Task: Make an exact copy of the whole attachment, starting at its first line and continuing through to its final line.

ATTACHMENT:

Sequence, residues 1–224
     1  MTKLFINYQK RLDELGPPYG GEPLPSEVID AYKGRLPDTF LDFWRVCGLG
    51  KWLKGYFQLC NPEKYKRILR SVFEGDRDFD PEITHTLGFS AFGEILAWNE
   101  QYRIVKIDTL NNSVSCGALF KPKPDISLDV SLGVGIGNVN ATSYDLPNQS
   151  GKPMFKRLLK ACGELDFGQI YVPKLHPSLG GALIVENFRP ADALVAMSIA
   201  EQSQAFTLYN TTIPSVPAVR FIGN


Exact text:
Sequence, residues 1–224
     1  MTKLFINYQK RLDELGPPYG GEPLPSEVID AYKGRLPDTF LDFWRVCGLG
    51  KWLKGYFQLC NPEKYKRILR SVFEGDRDFD PEITHTLGFS AFGEILAWNE
   101  QYRIVKIDTL NNSVSCGALF KPKPDISLDV SLGVGIGNVN ATSYDLPNQS
   151  GKPMFKRLLK ACGELDFGQI YVPKLHPSLG GALIVENFRP ADALVAMSIA
   201  EQSQAFTLYN TTIPSVPAVR FIGN